Her artwork is inspired by the visions, memories and stories of her birthplace. Her work is also a tribute to the colorful souls, spirits and images of the African woman. These women whose roles as mothers, sisters, friends, nurturers, care givers and market women are captured in her work as they go about their everyday life.

JOVIBA uses mixed media when creating her work and not only includes watercolor, pastels, charcoal, pen and ink but other products and techniques to develop texture in some of her work. She continues to experiment with different medium and considers her new journey as a work in progress.

"Go Dance Lady Dance" by Joviba

“Go Dance Lady Dance” by Joviba

Read some of what ignites the fire in Joviba’s Creative soul-

What does black history mean to you?
Black history is global and is inclusive of the history all black people regardless of their origin. Black history should always be celebrated and not just in the month of February. It is a global history and should be taught in that context.

Who are the most influential people in your life?
My father, Nathan. My maternal and paternal grandparents

Who are your black history heroes?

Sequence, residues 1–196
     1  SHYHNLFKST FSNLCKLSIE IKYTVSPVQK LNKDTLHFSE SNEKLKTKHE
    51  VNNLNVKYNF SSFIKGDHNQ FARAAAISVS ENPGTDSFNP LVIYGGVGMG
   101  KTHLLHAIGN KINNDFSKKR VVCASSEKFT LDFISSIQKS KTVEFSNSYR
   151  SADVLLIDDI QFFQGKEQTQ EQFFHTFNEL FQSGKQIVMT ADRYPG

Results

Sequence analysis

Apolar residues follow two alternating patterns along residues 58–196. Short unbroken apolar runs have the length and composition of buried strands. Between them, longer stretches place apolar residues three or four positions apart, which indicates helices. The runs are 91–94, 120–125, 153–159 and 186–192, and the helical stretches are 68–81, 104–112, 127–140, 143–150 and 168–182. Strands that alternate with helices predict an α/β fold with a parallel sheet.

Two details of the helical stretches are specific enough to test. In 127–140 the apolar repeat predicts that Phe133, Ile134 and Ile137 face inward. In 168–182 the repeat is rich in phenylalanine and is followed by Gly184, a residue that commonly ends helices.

Nelson Mandala and every black man and woman who made sacrifices through history (whether known or unknown) via their voices , writings and actions for the race of black people on this planet.

Who is your favorite poet?
James Baldwin and Maya Angelou

Who is your favorite writer?
Edwidge Danticat (Haitian writer)-Favorite Book “Breath, Eyes, Memories”

Who is your favorite artist?
Omar El Shabu and Paul Goodnight

What is your favorite quote?
“Sometimes I sits and thinks and sometimes I just sits” – James Baldwin
“If you can’t tote it, drag it. If you can’t drag it, drop it.” Grandma Elizabeth Knight Barnes

Which one of your pieces is your favorite?
Of the collection I sent you “Jacob’s Wives and Dinah.”

"Jacob's Wives and Dinah" by Joviba

“Jacob’s Wives and Dinah” by Joviba


What inspired you to create this piece?

The biblical story of Jacob and the novel “The Red Tent” by Anita Diamant

What would you like people to derive from it ?
I would like for people to derive from all of my work which is pretty much focused on women, the spiritual, vibrancy and strength of the sisterhood of women by the use of my themes and colors.